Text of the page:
An Overview of the Most Common Old Dog Diseases

When discussing old dog diseases, it is always good to ask the question, "What exactly is an old dog?" After all, some ailments are far more commonly known as old dog diseases than others.

Depending on the breed, the meaning of "old" can vary, but it usually starts around 10 years of age. As a dog gets older, its behavior changes too. The signs of aging in a dog are very similar to those of humans. For example, old dogs have reduced energy levels. They sleep longer, they have less enthusiasm for energetic activities, and just don't play like they used to. Older dogs also experience changes in fur and skin (fur becomes matted more frequently, it takes longer for wounds to heal, and old dogs generally become more sensitive to extremes in temperature). And of course, older dogs experience changes in vision and hearing, making it tough sometimes to navigate the house.


Now, there are other, more serious diseases that old dogs are prone to. These include cancer, arthritis, gastrointestinal disorders and diabetes. Let's look at each one in more detail.

Cancer is a tragic disease that can move surprisingly quickly, both in people and in pets. Symptoms include abnormal growths under the skin, as well as swellings that don't go away. Cancer may also manifest itself through bleeding or bloody discharge (from the eyes, mouth, ears, or any other opening). This, combined with difficulty eating, breathing, urinating or pooping, can be symptoms of cancer in old dogs.

Another common ailment is arthritis. Though not as life-threatening as cancer, arthritis in old dogs can be a debilitating disease that robs your pet of much of the enjoyment of life. Symptoms include difficulty rising, stiffness, irritability or reclusiveness. You may also notice that your old dog's muscles are atrophying as his activity level declines.

Kidney disease is also common among old dogs. If you notice increased thirst, urination, coupled with weight loss, your dog may be suffering form kidney malfunction. Vomiting and blood in urine or poop are serious symptoms, and if you notice them, contact your vet immediately. Of course, these symptoms could be caused by one of many old dog diseases, including inflammatory bowel disease or bladder stones. Again, see a vet right away.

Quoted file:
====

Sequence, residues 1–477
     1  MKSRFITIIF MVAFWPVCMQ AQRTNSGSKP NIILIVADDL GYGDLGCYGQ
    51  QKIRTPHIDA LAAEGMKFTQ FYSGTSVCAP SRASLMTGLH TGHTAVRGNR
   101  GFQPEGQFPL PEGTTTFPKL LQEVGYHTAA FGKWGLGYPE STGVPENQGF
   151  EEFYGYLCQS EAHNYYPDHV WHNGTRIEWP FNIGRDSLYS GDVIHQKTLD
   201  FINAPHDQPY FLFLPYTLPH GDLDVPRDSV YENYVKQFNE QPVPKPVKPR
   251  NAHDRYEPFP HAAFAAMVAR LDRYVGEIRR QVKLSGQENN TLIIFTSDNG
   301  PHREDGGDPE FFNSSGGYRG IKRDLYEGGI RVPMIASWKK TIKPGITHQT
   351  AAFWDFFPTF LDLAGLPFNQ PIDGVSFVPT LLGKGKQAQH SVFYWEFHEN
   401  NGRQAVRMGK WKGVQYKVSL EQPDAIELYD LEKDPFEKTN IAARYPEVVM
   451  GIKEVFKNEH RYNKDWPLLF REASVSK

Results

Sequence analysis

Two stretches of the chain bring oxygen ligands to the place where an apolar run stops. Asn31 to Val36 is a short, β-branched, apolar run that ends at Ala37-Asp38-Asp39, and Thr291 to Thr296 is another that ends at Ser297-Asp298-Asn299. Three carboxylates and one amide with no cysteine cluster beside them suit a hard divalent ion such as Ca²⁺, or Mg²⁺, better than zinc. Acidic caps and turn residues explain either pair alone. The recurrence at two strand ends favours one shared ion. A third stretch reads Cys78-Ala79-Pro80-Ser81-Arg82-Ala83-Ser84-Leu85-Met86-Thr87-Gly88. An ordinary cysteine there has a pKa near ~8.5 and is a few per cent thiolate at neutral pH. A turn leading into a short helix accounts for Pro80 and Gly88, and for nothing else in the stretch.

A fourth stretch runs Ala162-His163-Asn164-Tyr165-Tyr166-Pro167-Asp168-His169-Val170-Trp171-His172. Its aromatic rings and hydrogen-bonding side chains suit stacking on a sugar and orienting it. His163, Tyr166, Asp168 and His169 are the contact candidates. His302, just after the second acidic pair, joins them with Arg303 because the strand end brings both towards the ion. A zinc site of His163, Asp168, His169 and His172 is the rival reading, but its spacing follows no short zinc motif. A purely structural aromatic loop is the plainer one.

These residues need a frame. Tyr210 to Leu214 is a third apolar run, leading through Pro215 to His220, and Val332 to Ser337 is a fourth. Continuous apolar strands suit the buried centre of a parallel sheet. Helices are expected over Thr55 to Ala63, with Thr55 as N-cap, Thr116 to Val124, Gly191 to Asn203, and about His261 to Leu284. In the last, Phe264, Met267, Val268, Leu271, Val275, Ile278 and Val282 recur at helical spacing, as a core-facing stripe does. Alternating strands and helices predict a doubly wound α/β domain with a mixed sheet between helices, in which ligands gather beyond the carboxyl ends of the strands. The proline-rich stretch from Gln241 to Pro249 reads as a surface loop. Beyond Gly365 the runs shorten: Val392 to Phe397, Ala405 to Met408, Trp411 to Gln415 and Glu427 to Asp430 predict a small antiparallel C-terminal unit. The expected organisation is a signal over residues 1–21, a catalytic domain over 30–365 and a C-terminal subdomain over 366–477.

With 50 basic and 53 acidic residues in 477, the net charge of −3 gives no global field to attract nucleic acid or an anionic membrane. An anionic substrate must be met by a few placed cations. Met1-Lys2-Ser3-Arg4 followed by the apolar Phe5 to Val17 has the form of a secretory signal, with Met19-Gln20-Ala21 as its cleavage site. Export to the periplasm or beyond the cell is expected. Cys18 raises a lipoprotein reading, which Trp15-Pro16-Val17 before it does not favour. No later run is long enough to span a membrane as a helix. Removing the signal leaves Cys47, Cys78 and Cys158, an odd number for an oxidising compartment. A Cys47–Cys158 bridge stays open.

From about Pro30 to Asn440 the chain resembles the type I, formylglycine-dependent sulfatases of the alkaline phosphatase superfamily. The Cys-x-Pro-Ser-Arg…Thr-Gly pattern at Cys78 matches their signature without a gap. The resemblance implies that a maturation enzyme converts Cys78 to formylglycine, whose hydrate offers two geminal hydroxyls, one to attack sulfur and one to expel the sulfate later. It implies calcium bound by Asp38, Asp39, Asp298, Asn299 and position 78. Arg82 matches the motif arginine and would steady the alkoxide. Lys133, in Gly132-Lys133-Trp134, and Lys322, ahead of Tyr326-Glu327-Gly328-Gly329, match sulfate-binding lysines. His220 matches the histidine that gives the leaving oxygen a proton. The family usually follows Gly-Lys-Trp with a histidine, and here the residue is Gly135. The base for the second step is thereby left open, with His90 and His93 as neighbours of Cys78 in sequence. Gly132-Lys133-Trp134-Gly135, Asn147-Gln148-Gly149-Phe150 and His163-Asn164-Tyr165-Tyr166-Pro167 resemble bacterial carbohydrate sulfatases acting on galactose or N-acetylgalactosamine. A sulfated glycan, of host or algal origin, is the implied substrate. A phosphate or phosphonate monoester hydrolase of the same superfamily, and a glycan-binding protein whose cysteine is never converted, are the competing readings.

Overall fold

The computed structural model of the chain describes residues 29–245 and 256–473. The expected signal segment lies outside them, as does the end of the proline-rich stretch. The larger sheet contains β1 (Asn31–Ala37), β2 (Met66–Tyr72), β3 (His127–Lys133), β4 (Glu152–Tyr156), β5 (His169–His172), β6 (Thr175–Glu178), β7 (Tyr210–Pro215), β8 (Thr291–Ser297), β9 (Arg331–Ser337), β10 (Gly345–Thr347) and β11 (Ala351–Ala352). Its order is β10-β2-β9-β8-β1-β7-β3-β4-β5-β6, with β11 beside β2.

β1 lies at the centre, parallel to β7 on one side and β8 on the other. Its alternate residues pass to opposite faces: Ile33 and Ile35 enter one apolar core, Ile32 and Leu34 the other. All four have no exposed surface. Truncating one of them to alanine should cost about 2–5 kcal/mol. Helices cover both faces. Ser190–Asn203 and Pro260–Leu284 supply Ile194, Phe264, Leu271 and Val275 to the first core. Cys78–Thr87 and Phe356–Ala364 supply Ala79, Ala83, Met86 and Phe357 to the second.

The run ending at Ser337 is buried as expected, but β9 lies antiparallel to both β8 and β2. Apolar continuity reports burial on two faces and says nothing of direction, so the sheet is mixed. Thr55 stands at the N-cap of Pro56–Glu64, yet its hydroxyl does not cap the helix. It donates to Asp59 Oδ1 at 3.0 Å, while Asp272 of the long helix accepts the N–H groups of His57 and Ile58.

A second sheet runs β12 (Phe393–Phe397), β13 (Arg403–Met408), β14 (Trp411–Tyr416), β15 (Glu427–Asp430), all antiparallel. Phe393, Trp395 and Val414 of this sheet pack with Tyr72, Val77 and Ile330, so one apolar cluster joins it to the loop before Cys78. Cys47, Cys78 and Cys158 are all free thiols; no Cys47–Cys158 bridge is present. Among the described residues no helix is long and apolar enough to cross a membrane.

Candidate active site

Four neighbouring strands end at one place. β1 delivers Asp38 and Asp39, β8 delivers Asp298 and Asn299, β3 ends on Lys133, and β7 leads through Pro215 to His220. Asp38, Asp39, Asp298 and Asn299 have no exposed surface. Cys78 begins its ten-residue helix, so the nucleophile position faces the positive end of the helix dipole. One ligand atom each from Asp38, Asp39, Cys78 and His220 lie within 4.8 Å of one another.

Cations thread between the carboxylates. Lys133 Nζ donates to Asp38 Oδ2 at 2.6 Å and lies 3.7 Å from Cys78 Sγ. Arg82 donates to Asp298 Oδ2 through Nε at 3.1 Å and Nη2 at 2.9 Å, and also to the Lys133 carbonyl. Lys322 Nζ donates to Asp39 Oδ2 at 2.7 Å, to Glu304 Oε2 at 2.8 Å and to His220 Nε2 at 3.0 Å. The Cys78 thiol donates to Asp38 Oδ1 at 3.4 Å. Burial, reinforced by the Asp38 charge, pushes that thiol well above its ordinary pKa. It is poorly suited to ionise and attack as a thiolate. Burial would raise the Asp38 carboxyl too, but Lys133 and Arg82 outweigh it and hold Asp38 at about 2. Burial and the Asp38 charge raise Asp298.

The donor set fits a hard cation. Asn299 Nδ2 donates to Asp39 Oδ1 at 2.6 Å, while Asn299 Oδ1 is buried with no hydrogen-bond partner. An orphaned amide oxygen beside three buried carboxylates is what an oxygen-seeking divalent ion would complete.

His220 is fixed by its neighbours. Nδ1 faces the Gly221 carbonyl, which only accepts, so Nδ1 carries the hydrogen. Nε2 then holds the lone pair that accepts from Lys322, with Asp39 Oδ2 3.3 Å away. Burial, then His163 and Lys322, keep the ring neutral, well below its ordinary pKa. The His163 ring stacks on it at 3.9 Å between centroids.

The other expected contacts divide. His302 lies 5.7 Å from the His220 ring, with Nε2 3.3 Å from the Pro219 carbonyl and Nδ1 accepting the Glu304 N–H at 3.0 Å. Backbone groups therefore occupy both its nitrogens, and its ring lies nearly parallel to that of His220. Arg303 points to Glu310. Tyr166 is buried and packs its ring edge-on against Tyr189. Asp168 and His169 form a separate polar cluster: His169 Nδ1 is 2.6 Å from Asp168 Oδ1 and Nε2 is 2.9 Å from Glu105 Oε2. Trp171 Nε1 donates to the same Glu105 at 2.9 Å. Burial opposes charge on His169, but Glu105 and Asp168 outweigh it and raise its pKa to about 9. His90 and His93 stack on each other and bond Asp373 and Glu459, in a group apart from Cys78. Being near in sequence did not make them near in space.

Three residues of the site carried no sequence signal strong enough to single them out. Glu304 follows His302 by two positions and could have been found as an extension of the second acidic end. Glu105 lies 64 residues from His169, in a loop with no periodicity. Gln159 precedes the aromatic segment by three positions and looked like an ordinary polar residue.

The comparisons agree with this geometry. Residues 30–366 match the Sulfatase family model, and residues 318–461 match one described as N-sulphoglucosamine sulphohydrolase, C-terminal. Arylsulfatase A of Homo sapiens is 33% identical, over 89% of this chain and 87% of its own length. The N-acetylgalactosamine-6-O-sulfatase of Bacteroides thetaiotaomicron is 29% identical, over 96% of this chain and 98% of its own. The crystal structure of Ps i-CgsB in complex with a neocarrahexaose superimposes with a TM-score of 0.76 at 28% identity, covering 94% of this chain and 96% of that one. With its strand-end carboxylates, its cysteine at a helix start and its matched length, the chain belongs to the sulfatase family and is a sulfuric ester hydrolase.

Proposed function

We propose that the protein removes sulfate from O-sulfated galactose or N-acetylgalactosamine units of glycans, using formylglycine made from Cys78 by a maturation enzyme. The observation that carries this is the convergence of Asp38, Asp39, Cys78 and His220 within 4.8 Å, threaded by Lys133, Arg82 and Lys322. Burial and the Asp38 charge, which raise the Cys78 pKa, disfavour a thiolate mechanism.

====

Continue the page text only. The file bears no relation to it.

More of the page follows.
Diabetes is common among people, but it is also common among dogs. You may notice increased thirst and urination, weight loss, weakness, and increasing levels of lethargy and depression in a diabetic dog. Diabetes, if left untreated, can be fatal. There is no cure for canine diabetes, but it can be controlled with insulin injections.

Finally, cataracts are also common in older dogs. The eyes become cloudy, the dog is unable to navigate around objects, and stops retrieving objects. Note, however, that all old dogs develop a graying of the eyes which is due to a hardening of the lens. Generally, this does not affect the old dog's ability to see. However, cataracts are a more serious condition that can eventually lead to vision loss. As in humans, canine cataracts can be treated with surgery

An old dog normally suffers some loss in energy and mobility, just like an elderly human. Helping your companion through as he gets older means treating him with extra patience and kindness. Give him more time to sleep, and more time to wake up in the morning. Understand that long walks may not be so long anymore. Make it easier for him to reach his food, get outside when nature calls, and provide comfortable resting places.

And keep an eye out for symptoms of the more old dog diseases, such as cancer and diabetes, that your pet can be more susceptible to. Your dog will live longer and provide you with more years of loving companionship.

Allan Dykstra runs DogFoodCentral.com, a directory of links and information on dog health and dog food. You'll find information on recalls, dog food recipes, food for old dogs, and old dog diseases.
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